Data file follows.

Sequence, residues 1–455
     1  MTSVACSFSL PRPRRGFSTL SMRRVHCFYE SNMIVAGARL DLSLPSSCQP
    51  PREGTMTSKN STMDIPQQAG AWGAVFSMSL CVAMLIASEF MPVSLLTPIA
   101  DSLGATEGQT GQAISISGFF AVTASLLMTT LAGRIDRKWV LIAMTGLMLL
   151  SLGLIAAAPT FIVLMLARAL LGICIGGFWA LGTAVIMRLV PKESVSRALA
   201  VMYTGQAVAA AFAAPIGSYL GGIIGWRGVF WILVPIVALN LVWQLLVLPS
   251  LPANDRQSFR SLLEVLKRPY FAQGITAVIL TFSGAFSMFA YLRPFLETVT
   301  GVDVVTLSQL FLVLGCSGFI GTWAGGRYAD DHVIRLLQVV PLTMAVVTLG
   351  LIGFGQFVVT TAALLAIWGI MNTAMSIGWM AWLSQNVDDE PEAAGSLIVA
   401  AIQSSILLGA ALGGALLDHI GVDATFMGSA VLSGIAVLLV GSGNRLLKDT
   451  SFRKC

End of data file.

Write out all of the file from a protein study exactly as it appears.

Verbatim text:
Sequence, residues 1–455
     1  MTSVACSFSL PRPRRGFSTL SMRRVHCFYE SNMIVAGARL DLSLPSSCQP
    51  PREGTMTSKN STMDIPQQAG AWGAVFSMSL CVAMLIASEF MPVSLLTPIA
   101  DSLGATEGQT GQAISISGFF AVTASLLMTT LAGRIDRKWV LIAMTGLMLL
   151  SLGLIAAAPT FIVLMLARAL LGICIGGFWA LGTAVIMRLV PKESVSRALA
   201  VMYTGQAVAA AFAAPIGSYL GGIIGWRGVF WILVPIVALN LVWQLLVLPS
   251  LPANDRQSFR SLLEVLKRPY FAQGITAVIL TFSGAFSMFA YLRPFLETVT
   301  GVDVVTLSQL FLVLGCSGFI GTWAGGRYAD DHVIRLLQVV PLTMAVVTLG
   351  LIGFGQFVVT TAALLAIWGI MNTAMSIGWM AWLSQNVDDE PEAAGSLIVA
   401  AIQSSILLGA ALGGALLDHI GVDATFMGSA VLSGIAVLLV GSGNRLLKDT
   451  SFRKC